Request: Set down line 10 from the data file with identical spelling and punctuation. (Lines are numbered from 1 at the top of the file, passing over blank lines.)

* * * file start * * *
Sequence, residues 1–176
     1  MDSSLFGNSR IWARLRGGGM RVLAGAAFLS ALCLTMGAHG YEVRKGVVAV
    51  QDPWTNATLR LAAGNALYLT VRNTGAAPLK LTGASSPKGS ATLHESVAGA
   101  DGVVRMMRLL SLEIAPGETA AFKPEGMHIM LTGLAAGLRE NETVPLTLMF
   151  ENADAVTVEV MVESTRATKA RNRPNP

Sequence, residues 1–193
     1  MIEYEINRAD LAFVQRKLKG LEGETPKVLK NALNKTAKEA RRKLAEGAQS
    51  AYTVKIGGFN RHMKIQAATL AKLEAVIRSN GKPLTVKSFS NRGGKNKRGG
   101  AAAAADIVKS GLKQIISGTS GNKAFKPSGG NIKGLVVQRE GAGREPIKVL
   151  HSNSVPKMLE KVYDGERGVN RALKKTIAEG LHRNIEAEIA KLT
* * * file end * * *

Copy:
   151  HSNSVPKMLE KVYDGERGVN RALKKTIAEG LHRNIEAEIA KLT